It has been well documented – I love a good thrift store.
I genuinely crave the smell of old clothes, the musk of well-worn apparel, racked into organized chaos from the discarder’s closet. I love the thrill of the hunt – the feel of the fabrics to guess which might yield a precious find, the unique gem. I’d prefer to brag on the second-hand item – the deal of the day, that truly incredible discovery.
Now I should clarify – I am not a vintage-clothing expert. I love newer second-hand items just as much as I treasure older, hand-made pieces. My favorite finds have always been the ones that are unique – things I’ve never seen on anyone before, or items that are on my closet’s “bucket list” (mine, for example, includes worn leather jackets, faded cut-off shorts, vintage fur, and anything sequined).
This dress was one of those finds – the moment I touched it, I knew it was special. The fabric – the pattern and the colors – it was just special. It didn’t have a tag on it, but it looked impeccable, brand new even. You know when you can just tell something is expensive? This dress looked and felt expensive; it was by a designer I had never heard of before. But it was my size, so I took it with me to the dressing room with hesitation and a little fear. What if it didn’t fit? What if there was something wrong with it – a rip in the fabric, a bad zipper? Those kinds of things really stress me out when I think I’ve found something great while thrifting. Because there’s never any guarantees with vintage or second-hand clothing. You can’t run back to the rack to get a different size, or a better pattern cut (speaking of which, the girls over at A Beautiful Mess wrote a really awesome article about vintage sizing a few years ago, which you can read here).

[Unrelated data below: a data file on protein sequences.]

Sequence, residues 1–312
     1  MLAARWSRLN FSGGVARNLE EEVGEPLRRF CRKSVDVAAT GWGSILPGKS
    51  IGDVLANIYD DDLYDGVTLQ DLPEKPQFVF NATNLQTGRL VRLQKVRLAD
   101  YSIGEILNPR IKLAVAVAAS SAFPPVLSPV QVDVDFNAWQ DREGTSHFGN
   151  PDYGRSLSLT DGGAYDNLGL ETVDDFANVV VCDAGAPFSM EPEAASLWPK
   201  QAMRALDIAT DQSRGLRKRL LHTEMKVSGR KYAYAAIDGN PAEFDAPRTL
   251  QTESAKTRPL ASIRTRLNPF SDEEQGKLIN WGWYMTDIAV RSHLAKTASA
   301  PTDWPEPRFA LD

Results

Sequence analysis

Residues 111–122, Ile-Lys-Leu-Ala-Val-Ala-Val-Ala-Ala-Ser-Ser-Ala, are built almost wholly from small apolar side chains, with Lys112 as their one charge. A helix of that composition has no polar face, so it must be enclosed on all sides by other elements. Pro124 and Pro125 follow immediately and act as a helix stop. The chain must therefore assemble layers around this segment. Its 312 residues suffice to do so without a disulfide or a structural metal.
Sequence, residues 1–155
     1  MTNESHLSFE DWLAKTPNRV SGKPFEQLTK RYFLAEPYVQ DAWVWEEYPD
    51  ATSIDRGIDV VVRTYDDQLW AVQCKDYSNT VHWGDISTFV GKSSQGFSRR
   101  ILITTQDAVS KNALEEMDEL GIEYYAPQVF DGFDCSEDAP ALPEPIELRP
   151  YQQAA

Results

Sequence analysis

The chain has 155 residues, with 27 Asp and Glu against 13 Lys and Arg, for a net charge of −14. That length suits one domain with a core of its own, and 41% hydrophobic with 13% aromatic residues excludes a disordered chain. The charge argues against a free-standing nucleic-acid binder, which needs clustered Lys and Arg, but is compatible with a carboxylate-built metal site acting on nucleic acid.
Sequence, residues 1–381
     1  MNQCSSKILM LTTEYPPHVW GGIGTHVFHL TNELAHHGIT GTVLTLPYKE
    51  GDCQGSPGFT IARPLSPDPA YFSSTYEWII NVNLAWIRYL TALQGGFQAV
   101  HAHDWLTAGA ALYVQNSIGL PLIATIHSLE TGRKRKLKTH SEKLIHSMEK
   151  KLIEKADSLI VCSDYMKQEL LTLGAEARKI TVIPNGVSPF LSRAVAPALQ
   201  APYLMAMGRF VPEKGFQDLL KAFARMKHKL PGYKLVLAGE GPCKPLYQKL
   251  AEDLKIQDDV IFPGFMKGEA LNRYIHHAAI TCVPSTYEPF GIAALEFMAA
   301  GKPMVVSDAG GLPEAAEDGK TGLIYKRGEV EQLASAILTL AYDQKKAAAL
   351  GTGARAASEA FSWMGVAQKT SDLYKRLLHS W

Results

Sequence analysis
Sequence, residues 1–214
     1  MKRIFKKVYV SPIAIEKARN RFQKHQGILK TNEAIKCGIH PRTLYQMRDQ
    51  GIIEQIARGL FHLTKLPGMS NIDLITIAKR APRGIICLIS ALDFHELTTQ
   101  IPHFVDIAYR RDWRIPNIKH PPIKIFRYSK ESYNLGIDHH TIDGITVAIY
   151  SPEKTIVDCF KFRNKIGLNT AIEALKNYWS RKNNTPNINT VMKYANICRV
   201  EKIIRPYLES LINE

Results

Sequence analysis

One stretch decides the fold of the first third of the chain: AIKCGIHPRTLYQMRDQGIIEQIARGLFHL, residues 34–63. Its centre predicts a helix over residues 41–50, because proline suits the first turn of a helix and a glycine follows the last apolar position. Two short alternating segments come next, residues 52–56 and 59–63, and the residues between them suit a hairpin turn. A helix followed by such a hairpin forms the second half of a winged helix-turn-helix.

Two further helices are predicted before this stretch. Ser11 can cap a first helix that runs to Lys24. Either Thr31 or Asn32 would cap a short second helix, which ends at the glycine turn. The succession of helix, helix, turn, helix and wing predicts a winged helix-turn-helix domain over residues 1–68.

Anyways. I was standing in the dressing room with my friend Bethany, and I finally got to the dress. I’d been putting it off, because I really wanted it, so I really wanted it to fit/look great/be in great condition/etc. I stepped into it, zipped it up from the back, and fixed the matching belt at the waist. And I’d be damned if it wasn’t perfect. Perfect fit, perfect length (maybe a tad long on me), perfect condition. There’s absolutely nothing wrong with it, and I just couldn’t believe my luck. The price tag was somewhere along the lines of $40, which is a little high for a second-hand dress, but it felt worth it, and it looked designer, so I didn’t give it much thought.
I wore the dress to work the following week. I couldn’t believe how many compliments I received on it – people asked where it was from, telling me how nice I looked, and asking if I had something special planned that day. It was one of those trial-run wears when you just feel like a million bucks, you know? Sometime during that day, I decided I would do a little research on the designer, David Meister, to see what his collection looked like, and what kind of price point his dresses retailed for. I wasn’t completely surprised to see that the line sold in high-end stores like Neiman’s, Bergdorf Goodman, Saks and Bloomingdales, but I was shocked that the “every day” collection retailed upwards of $450. You can see a sampling of his current collection here.
Honestly, besides my wedding dress, it is one of the most expensive piece of clothing that I own. But I don’t treasure it because I know how expensive it was (not for me, but for the original owner); I treasure it because it makes me feel special. It makes me feel accomplished for finding it, lucky that no one else snagged it up before I did, and proud that I’ve cultivated enough years of thrift-store shopping that I know what to look for. Without further ado, here’s the dress:
What I’m wearing: thrifted David Meister dress & belt; thrifted Tahari shoes; Coach purse; right hand bracelet: thrifted; left hand bracelets, top to bottom: J.Crew via eBay, Stella & Dot, Forever21
Happy Friday, y’all!